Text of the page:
The pavilion has long-acknowledged faults. Wind blows through the open sides and a horrid sound system makes staging a concert a near impossible feat.
Two years ago, City Hall looked at spending from $200,000 to $500,000 to improve the pavilion. Along with sound and walls, the plan addressed lighting, adding a full-time staff and improving turnaround time for dismantling the hockey rink.
"Those improvements are still needed and certainly should be considered, but in our budget cycles they continue to lose out to issues of higher priority," Berkich said. "I think we're more comfortable with its role in the community, but at the same time we would always hope for it to achieve the purpose of a mult-purpose events center."
These improvements likely will rely on rent paid by outside parties. Nearly all the major tenants at the pavilion are city sponsored.
For now, those events - the farmers market, in-line hockey and Kick Back Kamp - will remain the primary tenants.
The Sierra In-line Hockey League has expanded its season and tripled its player roster in three years. Last year, hockey took to the pavilion in early October, after previous seasons running from mid-November to mid-April, said Steve Kastens, director of the Carson City Parks and Recreation Department.
Hockey drew 150 to 200 players three years ago. Now some 400 to 450 suit up for the winter months, he said.
Kick Back Kamp fills the pavilion five days a week from 7:30 a.m. to 5:30 p.m. for nine weeks, except Wednesdays when the program makes way for the farmers market at noon. About 300 to 400 children take part in the camp from mid-June to mid-August.
Teixeira, in the middle of his eight-year term as mayor that ended in 1996, looked at the pavilion as a large gathering place and a venue for special events. Carson City had no covered facility for large gatherings.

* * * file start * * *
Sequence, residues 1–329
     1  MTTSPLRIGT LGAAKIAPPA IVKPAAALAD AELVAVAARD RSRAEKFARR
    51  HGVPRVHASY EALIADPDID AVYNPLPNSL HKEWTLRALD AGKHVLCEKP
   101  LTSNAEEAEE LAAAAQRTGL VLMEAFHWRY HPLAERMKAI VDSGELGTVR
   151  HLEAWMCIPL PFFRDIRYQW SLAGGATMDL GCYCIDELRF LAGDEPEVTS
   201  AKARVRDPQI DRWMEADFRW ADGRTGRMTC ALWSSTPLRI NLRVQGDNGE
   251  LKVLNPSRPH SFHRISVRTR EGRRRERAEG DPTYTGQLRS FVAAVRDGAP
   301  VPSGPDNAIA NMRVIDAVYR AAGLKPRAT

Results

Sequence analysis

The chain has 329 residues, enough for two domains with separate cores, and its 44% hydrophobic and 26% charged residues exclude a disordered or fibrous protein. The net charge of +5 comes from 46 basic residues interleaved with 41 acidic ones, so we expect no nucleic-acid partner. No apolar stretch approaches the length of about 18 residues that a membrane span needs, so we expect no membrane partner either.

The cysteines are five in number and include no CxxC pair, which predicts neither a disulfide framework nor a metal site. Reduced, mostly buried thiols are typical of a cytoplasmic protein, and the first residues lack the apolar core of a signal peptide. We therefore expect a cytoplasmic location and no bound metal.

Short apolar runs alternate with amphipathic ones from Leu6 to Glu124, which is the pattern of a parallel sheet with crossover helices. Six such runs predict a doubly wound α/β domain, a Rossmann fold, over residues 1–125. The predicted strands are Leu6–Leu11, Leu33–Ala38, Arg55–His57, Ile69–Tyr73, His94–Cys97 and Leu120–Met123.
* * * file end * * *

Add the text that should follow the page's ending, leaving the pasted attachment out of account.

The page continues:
The initial plan for the pavilion called for an ice rink, but the firm that was to supply the rink pulled out at the last minute. Improvised efforts to create an ice rink in 1993 failed. Although it was cold enough that winter to freeze pipes in houses, the skating rink just didn't want to remain ice, Teixeira remembered.
Teixeira didn't envision roller hockey, a farmers market or a day camp. Nevertheless, he likes to see the pavilion kept busy.
"I'm most pleased that the facility is really being used," Teixeira said, "and most importantly it's being used by the youth of our community."
The event bringing the most diverse gathering to the Pony Express Pavilion is the Carson Farmers Market. The event moved to the pavilion in summer 1999 after two years at Third and Curry streets.
The cramped street setting didn't work for the market and Abshade-Sponsler shopped around for another location. She checked out six or seven sites; only the Pony Express Pavilion offered everything the portable market needed.
"We've got restrooms, lighting, clean floors," Abshade-Sponsler said. "We have shade from the sun and we're protected from thunderstorms and there's lots of parking. Anywhere else where we could find space there was no parking, no light, no electricity."
Berkich is relieved to see positive use at a $1.2 million facility thought of as an albatross only a few years ago. The city manager has confidence that the pavilion's purpose will mature as the population grows.
"It's achieved a functional place in the menu/inventory of city facilities for public use," Berkich said. "As the region grows, we will continue to find new uses. I think we will continue to see other examples (like the farmers market)."